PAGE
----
MRA are based on evaluation by peer Accreditation Bodies and facilitates acceptance of test/ calibration results between countries which MRA partners represent.
Thus NABL accredited laboratory results are accepted across more than 80 economies around the world.
The National Accreditation Board for Testing and Calibration Laboratories launched a voluntary scheme called Quality Assurance Scheme (QAS) for basic composite medical laboratories in February 2019 for sensitizing small laboratories to basic doable quality practices.
The scheme is expected to bring transformational change in more than 5000 laboratories over the next 5 years and to transform them into labs providing quality service. To familiarise and encourage more and more small labs, even in the remotest part of the country, to avail the scheme, NABL would be organising awareness programs in various cities of India.
NABL provides accreditation in all major fields of Science and Engineering such as Biological, Chemical, Electrical, Electronics, Mechanical, Fluid-Flow, Non-Destructive, Photometry, Radiological, Thermal & Forensics under testing facilities and Electro-Technical, Mechanical, Fluid Flow, Thermal, Optical, Medical Devices & Radiological under Calibration facilities.
NABL also provides accreditation for medical testing laboratories. In addition, NABL also offers accreditation for Proficiency testing providers & Reference Material producers and is now signatory to APAC MRA for both.
https://nabl-india.org/about-nabl-2/

4. Consider the following statements regarding the Lord Meston Award.
1. The Meston Settlement made the Provinces responsible for the development of the ‘nation building’ activities.
2. The greatest defect of the Meston Settlement lay in the fact that it created inequalities of tax burdens between different classes of the community.
3. The Meston award was one of the characteristic features of the financial settlement in the reform act of 1919.
Which of the following statements is/are correct?
(a) 2 and 3 only
(b) 1 and 2 only
(c) 1 and 3 only
(d) 1, 2 and 3
Answer-d
Explanation-
The Meston Award
Meston award were a fixed ratio of contributions of the provinces. The fixation was done on the basis of deep enquiry in the economic condition like the taxation capacities, the agricultural and industrial wealth and other relevant facts. The Meston award was one of the characteristic features of the financial settlement in the reform act of 1919.
This solution of the problem regarding deficit in centre was a good one but an obstacle to the path of provincial autonomy.
The contribution was decided to be abolished when the centre’s financial position started improving.
Infact, the financial secfion of the reform act of 1919 was mostly prepared by Sir James Meston. That’s why; the financial settlement that was enforced by the act of 1919 came to be known as Meston settlement. Basically the division of fiscal resources between the central and provincial government were all made by Meston.
The new settlement was no doubt a beginning of new era in the financial development. It was an integral part of the devolution process and laid down the basis for the reforms.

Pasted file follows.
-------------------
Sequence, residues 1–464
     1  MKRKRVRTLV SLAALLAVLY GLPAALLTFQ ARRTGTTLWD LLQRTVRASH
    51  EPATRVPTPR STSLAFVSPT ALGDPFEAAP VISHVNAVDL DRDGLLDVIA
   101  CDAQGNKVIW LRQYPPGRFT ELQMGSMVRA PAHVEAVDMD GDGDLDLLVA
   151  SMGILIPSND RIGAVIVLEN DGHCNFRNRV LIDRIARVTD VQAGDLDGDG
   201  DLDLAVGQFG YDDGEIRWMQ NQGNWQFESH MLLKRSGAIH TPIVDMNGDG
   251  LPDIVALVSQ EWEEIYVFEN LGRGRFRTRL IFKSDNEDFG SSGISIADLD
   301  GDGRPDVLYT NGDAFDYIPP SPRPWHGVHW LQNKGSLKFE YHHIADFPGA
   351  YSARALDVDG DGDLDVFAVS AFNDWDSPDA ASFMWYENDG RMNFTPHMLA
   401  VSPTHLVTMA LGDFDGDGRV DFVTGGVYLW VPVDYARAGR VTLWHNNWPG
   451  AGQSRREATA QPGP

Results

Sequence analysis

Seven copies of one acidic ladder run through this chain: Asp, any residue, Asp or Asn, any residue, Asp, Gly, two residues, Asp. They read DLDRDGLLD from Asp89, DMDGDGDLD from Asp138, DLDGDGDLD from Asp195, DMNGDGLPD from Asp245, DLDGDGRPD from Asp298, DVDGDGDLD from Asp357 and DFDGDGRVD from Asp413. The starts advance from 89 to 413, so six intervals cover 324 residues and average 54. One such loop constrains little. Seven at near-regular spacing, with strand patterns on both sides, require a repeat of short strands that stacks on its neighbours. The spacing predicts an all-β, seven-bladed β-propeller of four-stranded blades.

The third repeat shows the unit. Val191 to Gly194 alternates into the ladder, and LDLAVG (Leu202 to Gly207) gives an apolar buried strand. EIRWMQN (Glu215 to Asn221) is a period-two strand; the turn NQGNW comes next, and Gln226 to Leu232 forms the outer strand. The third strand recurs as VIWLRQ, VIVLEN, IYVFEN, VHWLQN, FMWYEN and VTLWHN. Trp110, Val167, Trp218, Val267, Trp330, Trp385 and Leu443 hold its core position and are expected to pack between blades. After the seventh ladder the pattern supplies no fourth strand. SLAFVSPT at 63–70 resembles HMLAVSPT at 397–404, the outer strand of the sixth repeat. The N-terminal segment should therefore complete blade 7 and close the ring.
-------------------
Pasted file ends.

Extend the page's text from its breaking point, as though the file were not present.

The Finance Relation Committee under the chairmanship of Lord Meston proposed:
(1) A system of initial contributions which were more or less arbitrarily fixed on the basis of the increased spending powers of the Provinces. The argument was that increased revenues had come to the provinces as a windfall which correspondingly reduced the Central finances.
It was, therefore, necessary for the Central government to claim relief from the Provincial Governments in proportion to the gain made by the provinces.
(2) These contributions were to be reduced gradually over a period of seven years to ‘Standard’ contributions based on the principle of capacity to contribute judged by such factors as population, Income Tax receipts, Consumption of Salt, and textiles, agricultural and industrial wealth.
(3) Provinces should be given a share in Income Tax. This marked the beginning of the use of Income Tax as a balancing factor.
These recommendations, with certain modifications, were incorporated in the ‘Devolution Rules’ issued under the Government of India Rules of 1919.
The Meston Award caused much provincial heart burning and discontent owing to the arbitrary nature of the contributions.
In the first place, contrary to expectations, the provinces were faced with a succession of heavy deficits year after year. The contributions, therefore, became a burden to the provinces which pressed for their abolition.
As a result of this pressure, they were first remitted, then suspended, and finally abolished in 1928-29. Secondly, the Meston Settlement made the Provinces responsible for the development of the ‘nation building’ activities but placed only inelastic sources of revenue at their disposal. Thirdly, the contributions fixed by the committee were thought to be highly unfair and inequitable.
It was complained, though unjustifiably, that the Meston Award gave to the Centre a much larger proportion of the total revenue of the industrial Provinces than of the agricultural ones.
Bengal argued that, on account of her wealth, population, trade and industries, the monopoly of jute trade, and the port of Calcutta, her contribution to the Central government in the shape of Income Tax, Super Tax, and Customs alone far exceeded that of most other provin­ces.
Madras felt it was the ‘Milch cow’ and was proportionately contributing a larger share towards the central deficit. The weakness of this argument was that total revenues taken for comparison included Income-tax and Customs collections which obviously could not be assigned to the Provinces of Bengal and Madras.